Virtual Teams

Serendipity – worth getting back to the office for, or damaging myth?

I’ve engaged in a couple of conversations recently with our training program participants and online about this strong belief that random encounters at the coffee machine drive valuable communication and innovation.

The loss of serendipity “the occurrence and development of events by chance in a happy or beneficial way” is often used by proponents of working from the office to make people endure the daily commute to a fixed location in the hope of the random exercise of chance.

Let’s imagine that serendipity really happens. Through the sheer chance of you being thirsty at the same time as someone else who is in the same location as you, you meet at the coffee machine. How often do you engage in substantive conversation about what you’re working on with someone who doesn’t already know it pretty well, and how often is it just the social niceties? How often do you choose to sit down and have a detailed conversation with someone after meeting at the coffee machine or water cooler?

Let’s imagine that that does actually happen by chance, and it uncovers a really important piece of information, or sparks a really important idea. Shouldn’t it then be possible to do better than random chance? If it’s important to us, why wouldn’t we organise for it? We wouldn’t have a quality process that relied on people happening to drop by a production line and spot a problem. If things are important in business, then we organise for them.

It’s not difficult to put people together in random configurations and give them time to discuss ideas and things that working on, but we generally don’t do it. In a virtual environment if we think that serendipity is a potential loss, then we need to create these kinds of random connections both individually and collectively and give people the time to have unstructured conversations.

Wouldn’t it then be even better to organise distributed serendipity sessions, as under the” random meeting at the coffee machine” model you are only likely to be exposed to a tiny subset of people who are based in the same office, there on the same day, and felt like a coffee at the same time – this doesn’t sound like a very capable business process, or the best way to engage diverse perspectives.

Similarly, if important communication is only flowing through chance, then this is not a feature of your communication process, it’s a fault. If it’s important, we need to make sure it’s disseminated properly, relying on chance encounter is unlikely to get the communication task done, particularly in a distributed organisation with multiple locations.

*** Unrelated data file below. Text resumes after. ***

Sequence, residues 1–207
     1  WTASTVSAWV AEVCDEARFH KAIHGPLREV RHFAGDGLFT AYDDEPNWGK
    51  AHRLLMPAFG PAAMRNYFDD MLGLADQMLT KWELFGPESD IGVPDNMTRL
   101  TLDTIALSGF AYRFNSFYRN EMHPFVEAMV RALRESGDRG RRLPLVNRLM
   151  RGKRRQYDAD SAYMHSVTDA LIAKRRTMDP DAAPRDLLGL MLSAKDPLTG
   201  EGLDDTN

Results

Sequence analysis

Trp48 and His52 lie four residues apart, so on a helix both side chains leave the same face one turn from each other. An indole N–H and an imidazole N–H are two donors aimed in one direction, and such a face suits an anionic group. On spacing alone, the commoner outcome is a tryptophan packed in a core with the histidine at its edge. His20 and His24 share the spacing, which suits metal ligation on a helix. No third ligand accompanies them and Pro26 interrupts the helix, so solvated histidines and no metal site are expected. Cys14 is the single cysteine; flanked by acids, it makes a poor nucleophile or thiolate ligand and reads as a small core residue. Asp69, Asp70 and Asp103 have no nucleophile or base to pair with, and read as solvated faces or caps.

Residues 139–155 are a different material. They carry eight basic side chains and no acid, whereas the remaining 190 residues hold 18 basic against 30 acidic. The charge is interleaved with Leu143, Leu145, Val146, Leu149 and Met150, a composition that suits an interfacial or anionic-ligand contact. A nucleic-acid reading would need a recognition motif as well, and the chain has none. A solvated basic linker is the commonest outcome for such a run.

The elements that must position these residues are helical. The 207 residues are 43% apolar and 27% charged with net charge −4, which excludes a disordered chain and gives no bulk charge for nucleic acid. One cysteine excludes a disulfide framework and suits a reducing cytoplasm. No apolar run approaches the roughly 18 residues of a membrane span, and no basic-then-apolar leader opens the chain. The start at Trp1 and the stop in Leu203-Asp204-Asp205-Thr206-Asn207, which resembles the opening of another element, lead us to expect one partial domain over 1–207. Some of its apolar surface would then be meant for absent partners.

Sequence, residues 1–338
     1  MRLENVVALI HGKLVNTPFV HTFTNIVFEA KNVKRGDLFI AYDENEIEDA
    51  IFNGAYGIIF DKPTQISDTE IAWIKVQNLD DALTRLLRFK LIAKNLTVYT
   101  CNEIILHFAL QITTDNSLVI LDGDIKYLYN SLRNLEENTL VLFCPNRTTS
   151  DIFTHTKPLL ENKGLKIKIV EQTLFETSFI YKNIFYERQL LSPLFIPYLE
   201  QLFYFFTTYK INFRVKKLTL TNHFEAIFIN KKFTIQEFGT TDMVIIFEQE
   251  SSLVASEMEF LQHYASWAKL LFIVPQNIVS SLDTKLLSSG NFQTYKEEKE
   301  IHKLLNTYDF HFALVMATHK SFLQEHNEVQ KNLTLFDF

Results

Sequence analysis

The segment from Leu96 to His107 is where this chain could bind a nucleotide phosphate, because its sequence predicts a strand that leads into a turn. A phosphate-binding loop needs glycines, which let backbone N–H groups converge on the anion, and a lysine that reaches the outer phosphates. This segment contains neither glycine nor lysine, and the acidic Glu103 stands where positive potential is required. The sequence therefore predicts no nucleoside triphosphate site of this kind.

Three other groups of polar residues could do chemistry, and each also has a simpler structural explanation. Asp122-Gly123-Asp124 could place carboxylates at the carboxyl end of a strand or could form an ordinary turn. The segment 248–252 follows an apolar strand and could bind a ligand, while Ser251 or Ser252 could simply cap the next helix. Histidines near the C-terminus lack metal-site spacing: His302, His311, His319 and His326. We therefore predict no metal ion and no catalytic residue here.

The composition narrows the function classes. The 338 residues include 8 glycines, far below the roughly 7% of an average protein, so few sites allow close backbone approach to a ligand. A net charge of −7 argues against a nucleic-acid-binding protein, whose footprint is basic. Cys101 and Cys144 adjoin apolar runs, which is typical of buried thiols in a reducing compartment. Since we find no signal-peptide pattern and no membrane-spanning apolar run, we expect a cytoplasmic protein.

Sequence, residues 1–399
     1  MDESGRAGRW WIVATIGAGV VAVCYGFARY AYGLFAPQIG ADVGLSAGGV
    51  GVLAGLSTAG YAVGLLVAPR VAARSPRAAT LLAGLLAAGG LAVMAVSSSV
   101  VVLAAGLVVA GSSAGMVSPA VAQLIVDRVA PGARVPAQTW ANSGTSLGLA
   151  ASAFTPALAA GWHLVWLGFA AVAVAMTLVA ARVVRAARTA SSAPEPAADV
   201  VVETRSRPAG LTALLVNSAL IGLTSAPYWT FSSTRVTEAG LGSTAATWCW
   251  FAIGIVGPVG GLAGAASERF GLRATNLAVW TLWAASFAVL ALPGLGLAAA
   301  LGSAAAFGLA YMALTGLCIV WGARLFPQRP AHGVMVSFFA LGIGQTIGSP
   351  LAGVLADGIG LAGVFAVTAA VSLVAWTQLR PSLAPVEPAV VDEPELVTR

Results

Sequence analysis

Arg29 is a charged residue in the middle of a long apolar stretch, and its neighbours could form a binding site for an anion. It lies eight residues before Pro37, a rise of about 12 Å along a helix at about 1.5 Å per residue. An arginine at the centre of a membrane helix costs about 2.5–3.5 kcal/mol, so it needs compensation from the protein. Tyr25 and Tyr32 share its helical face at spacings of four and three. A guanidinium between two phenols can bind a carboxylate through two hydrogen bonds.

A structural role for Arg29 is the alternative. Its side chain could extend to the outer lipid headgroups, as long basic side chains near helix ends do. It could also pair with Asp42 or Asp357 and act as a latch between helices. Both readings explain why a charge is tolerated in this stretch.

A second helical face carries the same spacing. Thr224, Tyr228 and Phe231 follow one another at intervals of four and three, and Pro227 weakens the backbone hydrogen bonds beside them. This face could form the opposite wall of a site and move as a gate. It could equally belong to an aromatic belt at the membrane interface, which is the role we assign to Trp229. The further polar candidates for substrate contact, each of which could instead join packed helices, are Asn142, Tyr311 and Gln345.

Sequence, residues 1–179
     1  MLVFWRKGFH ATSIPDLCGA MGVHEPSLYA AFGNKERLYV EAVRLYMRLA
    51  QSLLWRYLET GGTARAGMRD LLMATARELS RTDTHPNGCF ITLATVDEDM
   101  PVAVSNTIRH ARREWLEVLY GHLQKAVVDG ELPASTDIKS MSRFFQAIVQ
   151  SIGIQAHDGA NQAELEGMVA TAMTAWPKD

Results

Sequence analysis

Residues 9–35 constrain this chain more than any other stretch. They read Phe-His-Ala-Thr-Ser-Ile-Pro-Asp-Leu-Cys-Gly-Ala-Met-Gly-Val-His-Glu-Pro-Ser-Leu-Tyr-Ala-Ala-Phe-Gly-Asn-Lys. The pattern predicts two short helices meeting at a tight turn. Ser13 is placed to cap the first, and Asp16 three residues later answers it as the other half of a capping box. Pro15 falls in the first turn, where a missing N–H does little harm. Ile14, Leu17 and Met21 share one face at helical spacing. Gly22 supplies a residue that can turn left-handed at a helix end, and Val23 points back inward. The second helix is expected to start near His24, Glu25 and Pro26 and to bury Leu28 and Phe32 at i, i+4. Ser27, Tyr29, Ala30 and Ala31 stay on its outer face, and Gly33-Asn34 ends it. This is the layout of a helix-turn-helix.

Now let’s imagine that serendipity is actually an extremely rare event and not worth us being too concerned about. I’ve encountered a lot of resistance to this idea but not much evidence of where serendipity has really driven value.

People point to stories around innovation driven by the random connection of ideas, there are some interesting examples on this Wikipedia entry Nearly all of the examples are about individual serendipity where a person working alone spotted an interesting but tangential fact. They weren’t generally driven by people interacting with other individuals or discussing ideas.

On a similar note, research has been clear for decades that the generation of ideas is best done by individuals working alone, groups actually generate fewer raw ideas when working collectively. Collective brainstorming is a myth that we cling to despite the evidence. Groups, however, may be better at evaluating and developing ideas so the best idea generation and evaluation processes usually start with individual ideation. When was the last time you had your best idea in a meeting rather than in the shower or on a walk?

As remote and hybrid working becomes the norm and as teams span multiple locations even when people are working in their different offices, we have three main options

  1. don’t worry about serendipity and the water cooler moments, they were never of much value anyway
  2. get people back into the office in the hope that chance will create random communication and innovation
  3. organise for more active connections by bringing a broader constituency of people together in a format that enables them to share ideas and spark cooperation – in most larger organisations this probably means in some form of virtual context

What do you think, is serendipity a myth? Is it something worth forcing people back into the office for, or do we need to organise differently to do better than chance?

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